Toronto’s four universities will participating in a unique, one-of-a-kind learning festival. Photo credit: CRAM
TORONTO — How will pedestrians communicate with driverless cars? What is the science behind luck? How do we maintain our cultural identities through immigration and urbanization? These are just a few of the questions a new, free learning festival is looking to answer.
For one night, Toronto’s four universities will open their doors and invite the public to access the city’s brain power and learn about it’s ground-breaking research for a one-of-a-kind learning festival. The festival, called CRAM, is the brain child of CBC journalist Mary Ito. The festival has curated a multitude of researchers from Ryerson University, University of Toronto, OCAD University and York University to offer over 30 unique lectures and events to curious minds for free.
“It can be really life-altering,” Ito tells Nikkei Voice in a phone interview. “Here you are, on the ground floor of this research—maybe some of it is already out there in some form, maybe it’s coming, maybe its being developed—but you’re getting access to it as it is in the making, so that’s exciting.”
On April 5, starting at 5 p.m., each university will host a variety of events, like lectures, film screenings and demonstrations in a multitude of subjects, from science, technology and health, to arts, humanities and psychology and everything in between. Each of the events are free and participants are invited to travel between school campuses to explore different topics.
The idea for this festival has been something Ito has been thinking about for years. Being a journalist for over 30 years, she would often find after interviewing a researcher about their work, on research not widely known, people would reach out, wanting to know more. CRAM is a way for this research to reach the public, inviting them to think about how we live and work in our daily lives.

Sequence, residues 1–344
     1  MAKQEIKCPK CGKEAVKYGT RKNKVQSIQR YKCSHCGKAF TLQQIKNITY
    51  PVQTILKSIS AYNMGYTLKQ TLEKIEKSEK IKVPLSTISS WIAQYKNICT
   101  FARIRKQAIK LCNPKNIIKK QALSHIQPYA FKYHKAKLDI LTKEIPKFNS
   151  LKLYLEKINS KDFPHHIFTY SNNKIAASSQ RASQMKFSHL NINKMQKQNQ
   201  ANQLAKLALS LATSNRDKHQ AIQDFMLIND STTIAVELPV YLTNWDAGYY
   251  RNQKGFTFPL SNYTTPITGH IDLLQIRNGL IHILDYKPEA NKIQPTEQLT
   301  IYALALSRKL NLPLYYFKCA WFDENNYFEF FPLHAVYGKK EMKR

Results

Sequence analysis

“I think the idea has been brewing inside me for many years,” says Ito. “When you think about the amount of research that any one school does, it would be impossible across disciplines to get it all out, or even most of it out.”
This is the first time every university in one city will team up for a cross-discipline festival. Ito herself will be jetting across the city to introduce a session at each of the universities.
Starting at York, Ito will introduce Laurence Harris’ talk on how gravity helps us identify who we are by understanding our sense of our bodies through gravity.
Then off to Ryerson, where Ito will introduce Blake Fitzpatrick and Vid Ingelevics. The two will explore through video and photography, how the meaning of the Berlin Wall has shifted in time and place, now that it has existed outside of Germany as long as it stood as a divider in it.
Then Ito travels to OCAD, where James Miller discusses how Indigenous communities are migrating to urban centres as their way of life becomes forever changed by climate change. Miller explores how through design and architecture, these refugees can maintain their identities in new homes.
Finally Ito will introduce Matt Russo at U of T, where he explains the music of the cosmos and how he has taken the movements of the universe and transposed that into music.
The festival is not limited to university students or academia, but opened to anyone whose interested, young and old. Ito hopes especially people who have never been to university or set foot on the campuses in their own city will try it out.
“There are people, they look at these universities and because they’ve never been, they sort of still see it as this place, that’s the university, I don’t really belong there,” she says. “I really hope this will be inviting and break down that kind of metaphorical wall, and that they are included, they feel welcomed and they have access to this knowledge.”
CRAM festival will take place April 5 at the University of Toronto, York University, OCAD and Ryerson University starting at 5 p.m. To register for courses and for more information, visit: www.cramtoronto.com.